Baseball Heckling 101
The art of heckling an opposing player is about as clear as the “unwritten rules” of baseball. Should you ever feel like you need your voice heard, or the beer gives you the courage, here are some universal rules for heckling that may save you from embarrassment or a beat down.
The Rules of Heckling
1) Also the most frequently broken rule; NO OBSCENITIES. No matter how clever, no matter how witty, no matter how dead on right you are with your perfectly timed verbal assault aimed at Player X, when you lace it with foul language, you erase all chances of sounding intelligent. Unless you’re in the bleachers in extra innings, chances are there are kids in the crowd near you as well. The parents of those kids don’t appreciate four letter word speeches when they’re trying to enjoy a game with their kids. Say what you will, but stay classy and keep it PG Rated. Chances are, if you can’t abide by rule #1, you’re not heckler material anyway.
2) Being a heckler doesn’t mean running your loud, obnoxious mouth all game long after a morning full of binge drinking in Wrigleyville. That just pisses everybody off. And it makes you look like a complete jag. A good heckler picks his spot, gets in, gets out, and never interrupts the flow of the game. You might only say two or three things all game long. Don’t over saturate the fans with your heckling, make it short and sweet, and make it memorable. (I once told Andruw Jones from the bleachers that “Your rookie card is worth about 15 cents!” He turned and looked at me, hysterically laughing, which was the goal, to distract the player from the game!)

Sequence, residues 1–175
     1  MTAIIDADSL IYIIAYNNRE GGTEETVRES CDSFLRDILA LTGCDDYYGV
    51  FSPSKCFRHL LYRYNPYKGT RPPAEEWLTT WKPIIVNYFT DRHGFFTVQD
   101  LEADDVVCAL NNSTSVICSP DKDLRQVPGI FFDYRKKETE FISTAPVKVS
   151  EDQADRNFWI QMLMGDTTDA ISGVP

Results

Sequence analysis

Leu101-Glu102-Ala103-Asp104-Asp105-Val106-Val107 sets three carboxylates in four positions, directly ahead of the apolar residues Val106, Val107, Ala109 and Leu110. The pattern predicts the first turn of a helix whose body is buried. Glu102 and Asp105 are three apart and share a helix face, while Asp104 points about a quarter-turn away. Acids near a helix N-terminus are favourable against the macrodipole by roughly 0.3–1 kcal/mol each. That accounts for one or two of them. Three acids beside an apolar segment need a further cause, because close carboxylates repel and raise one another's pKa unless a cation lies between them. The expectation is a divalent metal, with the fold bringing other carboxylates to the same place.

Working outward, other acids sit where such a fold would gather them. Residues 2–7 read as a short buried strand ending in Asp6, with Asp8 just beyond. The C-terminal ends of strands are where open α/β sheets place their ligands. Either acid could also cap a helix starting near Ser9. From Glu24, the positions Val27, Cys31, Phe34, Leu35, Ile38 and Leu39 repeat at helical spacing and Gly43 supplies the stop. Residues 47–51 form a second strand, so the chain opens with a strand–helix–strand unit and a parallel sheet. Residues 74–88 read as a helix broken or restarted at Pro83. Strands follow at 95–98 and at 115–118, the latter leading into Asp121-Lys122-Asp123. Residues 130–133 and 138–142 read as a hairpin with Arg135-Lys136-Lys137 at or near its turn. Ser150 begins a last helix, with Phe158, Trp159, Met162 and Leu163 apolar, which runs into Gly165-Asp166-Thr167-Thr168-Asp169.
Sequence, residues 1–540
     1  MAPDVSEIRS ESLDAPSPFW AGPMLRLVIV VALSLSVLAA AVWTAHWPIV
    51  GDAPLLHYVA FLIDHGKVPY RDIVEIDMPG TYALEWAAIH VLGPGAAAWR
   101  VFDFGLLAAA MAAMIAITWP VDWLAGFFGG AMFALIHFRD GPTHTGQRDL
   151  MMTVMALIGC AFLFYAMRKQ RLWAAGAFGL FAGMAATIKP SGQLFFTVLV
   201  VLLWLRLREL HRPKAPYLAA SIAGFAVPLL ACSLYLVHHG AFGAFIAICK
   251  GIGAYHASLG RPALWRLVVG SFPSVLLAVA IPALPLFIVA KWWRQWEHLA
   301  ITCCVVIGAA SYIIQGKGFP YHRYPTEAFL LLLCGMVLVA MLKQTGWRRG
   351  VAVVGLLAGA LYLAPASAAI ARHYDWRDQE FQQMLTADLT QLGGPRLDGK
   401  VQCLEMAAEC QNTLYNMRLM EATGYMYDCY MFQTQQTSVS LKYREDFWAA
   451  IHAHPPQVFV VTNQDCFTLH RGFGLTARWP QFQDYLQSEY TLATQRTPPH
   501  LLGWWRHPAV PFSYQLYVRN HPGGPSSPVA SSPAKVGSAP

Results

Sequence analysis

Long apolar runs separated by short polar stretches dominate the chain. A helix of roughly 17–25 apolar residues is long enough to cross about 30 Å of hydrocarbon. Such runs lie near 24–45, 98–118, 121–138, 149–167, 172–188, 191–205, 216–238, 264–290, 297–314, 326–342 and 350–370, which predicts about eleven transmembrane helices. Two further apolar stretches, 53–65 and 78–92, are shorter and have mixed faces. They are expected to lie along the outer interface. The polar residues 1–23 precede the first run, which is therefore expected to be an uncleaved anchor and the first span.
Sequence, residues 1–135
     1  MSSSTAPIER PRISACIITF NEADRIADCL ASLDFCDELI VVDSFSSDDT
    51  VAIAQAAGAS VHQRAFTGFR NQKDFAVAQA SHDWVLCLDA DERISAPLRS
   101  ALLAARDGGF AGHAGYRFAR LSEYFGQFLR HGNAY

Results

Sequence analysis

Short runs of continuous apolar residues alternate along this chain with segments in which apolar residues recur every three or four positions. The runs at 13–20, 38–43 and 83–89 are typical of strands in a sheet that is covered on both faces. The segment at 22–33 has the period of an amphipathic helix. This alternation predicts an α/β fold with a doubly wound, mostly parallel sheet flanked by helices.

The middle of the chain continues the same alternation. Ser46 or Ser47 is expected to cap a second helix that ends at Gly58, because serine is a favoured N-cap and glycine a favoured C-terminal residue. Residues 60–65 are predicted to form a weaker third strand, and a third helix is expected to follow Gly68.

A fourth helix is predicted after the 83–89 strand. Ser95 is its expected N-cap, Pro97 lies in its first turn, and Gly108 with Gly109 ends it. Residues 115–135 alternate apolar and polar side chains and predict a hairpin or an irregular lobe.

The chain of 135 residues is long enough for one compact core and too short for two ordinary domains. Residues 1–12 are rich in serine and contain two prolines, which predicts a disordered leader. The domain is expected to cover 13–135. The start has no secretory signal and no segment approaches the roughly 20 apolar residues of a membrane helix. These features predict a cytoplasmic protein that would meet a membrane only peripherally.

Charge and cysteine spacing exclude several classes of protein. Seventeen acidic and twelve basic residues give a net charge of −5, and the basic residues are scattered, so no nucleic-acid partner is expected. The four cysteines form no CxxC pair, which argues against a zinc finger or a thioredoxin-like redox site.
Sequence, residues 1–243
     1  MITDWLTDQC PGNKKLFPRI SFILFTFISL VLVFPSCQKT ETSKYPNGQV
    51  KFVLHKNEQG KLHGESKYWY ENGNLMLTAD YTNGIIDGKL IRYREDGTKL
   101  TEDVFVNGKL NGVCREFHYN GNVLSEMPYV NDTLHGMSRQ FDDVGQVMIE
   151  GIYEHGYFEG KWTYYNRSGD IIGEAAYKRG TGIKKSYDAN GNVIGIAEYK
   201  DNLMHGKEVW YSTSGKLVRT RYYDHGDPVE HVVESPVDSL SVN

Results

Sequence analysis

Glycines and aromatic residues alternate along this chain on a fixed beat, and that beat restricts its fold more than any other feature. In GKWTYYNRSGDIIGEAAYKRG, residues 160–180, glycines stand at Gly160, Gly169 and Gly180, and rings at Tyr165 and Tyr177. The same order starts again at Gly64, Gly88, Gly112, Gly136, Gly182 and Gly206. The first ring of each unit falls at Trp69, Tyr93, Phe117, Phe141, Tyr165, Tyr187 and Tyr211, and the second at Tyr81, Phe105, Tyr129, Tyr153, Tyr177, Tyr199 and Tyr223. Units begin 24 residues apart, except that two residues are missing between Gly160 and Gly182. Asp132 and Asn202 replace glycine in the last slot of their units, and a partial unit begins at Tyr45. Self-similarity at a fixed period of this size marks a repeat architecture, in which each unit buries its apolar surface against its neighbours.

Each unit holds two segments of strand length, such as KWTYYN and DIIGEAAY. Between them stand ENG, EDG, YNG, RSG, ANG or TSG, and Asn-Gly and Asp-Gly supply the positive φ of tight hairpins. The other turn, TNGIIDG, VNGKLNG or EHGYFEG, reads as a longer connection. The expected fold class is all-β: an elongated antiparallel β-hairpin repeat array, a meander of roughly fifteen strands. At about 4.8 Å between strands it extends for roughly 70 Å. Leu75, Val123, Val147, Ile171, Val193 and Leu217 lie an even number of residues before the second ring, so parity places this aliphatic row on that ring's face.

3) Know who you are heckling. Know the team. The manager and the players. Know their stats and especially their deficiencies. Use that for your ammo. If all you’ve got is “You suck!”, then you are the one who actually sucks.
4) Don’t make racial, ethnic, or sexual references, or never talk about someone’s Mother; it’s NEVER a good idea. If you’re lucky, at the LEAST you’re getting ejected from the park.
5) This is by far the most crucial rule of heckling; if you are not sitting within a distance from which the player you are referencing can actually hear you, SAVE YOUR BREATH. There’s nothing worse than a guy up in the 300′s screaming at the right fielder for 9 innings strong. HE CAN’T HEAR YOU, BRO. STOP IT.
It’s up to you how you are perceived when you heckle someone, but if you follow these five rules, you can guarantee you won’t offend anyone along the way, and you might just give some people a few laughs, and you might just break the concentration of the opposing player, which is really the ultimate goal. Happy Heckling.
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